Looking at adjustments on The Day After

Looking at adjustments on The Day After
April 21, 2013, 3:45 pm
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NEW YORK — The sting of Boston's 85-78 Game 1 loss to New York is still fresh in the minds of fans, players and the Celtics coaching staff.

But as a Celtics player told me after last night's loss, "nothing can be done about it now other than to move on and get the next one."

That said, the transition from putting the Game 1 loss behind them and shifting towards the next game can be dangerous if not entered with some degree of caution.

Far too often, the problems of past performances with this group get glossed over, making the likelihood of a repeat performance more likely.

But on The Day After, when cool heads prevail and clarity reigns, we will examine three pressing issues for the Celtics going forward because, well, that's what you do when it's playoff time and it's The Day After.


The end of Boston's Game 1 loss was fitting.

Paul Pierce lost the ball with 13.9 seconds to play. Eighteen seconds prior to that, it was Kevin Garnett coughing it up.

Twenty one turnovers usually won't get you a victory in the regular season, let alone a playoff game against a team that's playing as well as the New York Knicks are right now.

While there will be a lot of attention paid to Boston's high turnover number and how that number has to drop, the C's need to find a way to create a few more New York miscues. Not only did the Knicks commit just 13 turnovers, they protected the ball better in the decisive fourth quarter than they did in any of the three prior to that.

How well did they protect it in the fourth? How about not a single turnover.

Boston's best shot at forcing more Knicks mistakes is to do more switching defensively on Carmelo Anthony as opposed to Game 1 when Jeff Green spent way too much time attempting to guard him.

Celtics coach Doc Rivers didn't need to see the video of the game afterwards to know that this was yet another area in which his guys have to be better at for Game 2 on Tuesday.

"I thought he was on Carmelo too much," Rivers said of Green. "That was not supposed to happen. There were probably 25 switches that we didn't do and it kind of left Jeff on him more than you want. I don't think one man should guard him the whole game. That's exhausting."


When you only play three players off the bench and they're all 6-foot-5 or shorter, realistic expectations are that they have to make shots. And depending on what starters you keep on the floor, you would hope that they would do their part on the boards when the opportunity presented itself.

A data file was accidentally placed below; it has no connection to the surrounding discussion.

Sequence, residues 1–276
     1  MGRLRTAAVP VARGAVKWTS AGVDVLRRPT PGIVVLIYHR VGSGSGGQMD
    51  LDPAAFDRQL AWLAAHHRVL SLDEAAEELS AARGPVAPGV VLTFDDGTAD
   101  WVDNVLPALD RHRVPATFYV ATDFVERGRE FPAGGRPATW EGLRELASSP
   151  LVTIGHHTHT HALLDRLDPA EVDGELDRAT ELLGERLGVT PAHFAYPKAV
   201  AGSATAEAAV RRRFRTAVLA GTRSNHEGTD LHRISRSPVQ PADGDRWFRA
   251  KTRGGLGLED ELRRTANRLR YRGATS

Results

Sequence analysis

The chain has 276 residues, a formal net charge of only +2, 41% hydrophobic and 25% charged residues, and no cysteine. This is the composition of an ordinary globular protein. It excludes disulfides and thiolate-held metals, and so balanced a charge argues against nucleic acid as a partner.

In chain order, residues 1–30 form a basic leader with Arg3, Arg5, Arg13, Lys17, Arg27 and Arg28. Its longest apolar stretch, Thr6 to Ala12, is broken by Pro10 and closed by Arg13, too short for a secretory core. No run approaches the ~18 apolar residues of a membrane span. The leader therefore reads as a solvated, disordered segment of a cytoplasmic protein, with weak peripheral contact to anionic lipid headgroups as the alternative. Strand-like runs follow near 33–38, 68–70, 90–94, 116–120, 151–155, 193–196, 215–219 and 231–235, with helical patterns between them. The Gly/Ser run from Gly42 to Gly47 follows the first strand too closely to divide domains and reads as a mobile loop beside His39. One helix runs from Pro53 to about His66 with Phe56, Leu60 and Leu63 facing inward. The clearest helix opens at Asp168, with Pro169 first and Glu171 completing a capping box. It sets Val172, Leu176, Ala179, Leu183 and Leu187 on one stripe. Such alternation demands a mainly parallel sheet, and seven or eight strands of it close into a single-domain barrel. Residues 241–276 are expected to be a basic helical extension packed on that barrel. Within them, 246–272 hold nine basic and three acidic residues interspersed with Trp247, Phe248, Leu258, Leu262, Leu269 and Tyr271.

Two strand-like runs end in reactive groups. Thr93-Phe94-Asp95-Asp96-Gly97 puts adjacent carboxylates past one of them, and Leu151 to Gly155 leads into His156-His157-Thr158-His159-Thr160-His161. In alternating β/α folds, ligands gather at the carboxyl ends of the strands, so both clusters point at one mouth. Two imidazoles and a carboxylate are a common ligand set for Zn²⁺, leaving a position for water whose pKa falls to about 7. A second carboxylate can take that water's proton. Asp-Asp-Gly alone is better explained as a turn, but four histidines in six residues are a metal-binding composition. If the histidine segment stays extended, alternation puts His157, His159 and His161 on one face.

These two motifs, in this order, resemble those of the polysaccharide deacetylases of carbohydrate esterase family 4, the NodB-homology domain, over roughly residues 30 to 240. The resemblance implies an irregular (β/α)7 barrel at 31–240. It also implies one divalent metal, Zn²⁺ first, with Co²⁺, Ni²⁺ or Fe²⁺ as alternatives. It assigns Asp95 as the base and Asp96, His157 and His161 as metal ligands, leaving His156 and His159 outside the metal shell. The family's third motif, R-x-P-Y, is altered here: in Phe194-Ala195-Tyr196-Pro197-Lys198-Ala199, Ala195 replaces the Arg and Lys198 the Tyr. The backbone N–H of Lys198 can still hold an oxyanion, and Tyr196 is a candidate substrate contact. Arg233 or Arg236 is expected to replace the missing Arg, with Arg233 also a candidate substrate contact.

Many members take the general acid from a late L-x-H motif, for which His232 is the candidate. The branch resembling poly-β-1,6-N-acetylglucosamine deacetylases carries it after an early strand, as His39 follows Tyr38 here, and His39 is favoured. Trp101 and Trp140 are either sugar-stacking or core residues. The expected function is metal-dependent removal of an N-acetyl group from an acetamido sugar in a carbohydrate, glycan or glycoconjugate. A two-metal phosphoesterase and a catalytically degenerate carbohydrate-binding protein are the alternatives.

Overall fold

The shorter rotation by Boston had little-to-no impact on the game other than maybe a negative one.

Jason Terry did not score a single point, missing all five of his field goal attempts. In 87 playoff games prior to Game 1 against New York, Terry had made at least one basket in each game.

Courtney Lee didn't do much in his 20 minutes on the floor, although his four made free throws did represent all of the second unit's scoring output.

Jordan Crawford was a non-factor as well, although Rivers said that may change for Game 2.

"I thought Jordan should have played more in the second half," Rivers said. "He didn't score but he created baskets."

With time running down in the first quarter, it was a Crawford rebound with 6.9 seconds to play in the quarter that set the stage for a buzzer-beating 3-pointer by Jeff Green that lifted the C's to a 29-26 lead.

On the play, Crawford penetrated the lane, passed to Garnett who then passed to Green for the go-ahead 3-pointer.

"He has the ability to do that," Rivers said. "He's buying in defensively. If he can continue to do that, he has a chance to help us."


Last year in the playoff, the Kevin Garnett plus-minus ratio was off the charts, making it statistically noticeable just how much better the Celtics were in games in which he was on the floor.

But just being on the floor doesn't make Garnett a great player; it's how his teammates and the coaching staff use him while he is in the game and how assertive Garnett can be in encouraging his teammates to get him the ball.

He is about as reluctant a superstar as you will find in the NBA, which is both a blessing and at times a burden to his teams because he will pass up scoring opportunities to get a fellow teammate involved.

Garnett will still look to do that, but there is a fine line between getting others involved and making sure that he gets enough shot attempts to keep the Knicks honest defensively.

"We have to keep our spacing," Rivers said. "I thought in the second half we didn't have any. And we just have to do a better job. We have to involve him more. There's a better way to do it than the way we did it. There's certain things that he didn't do, either. We just have to do a better job."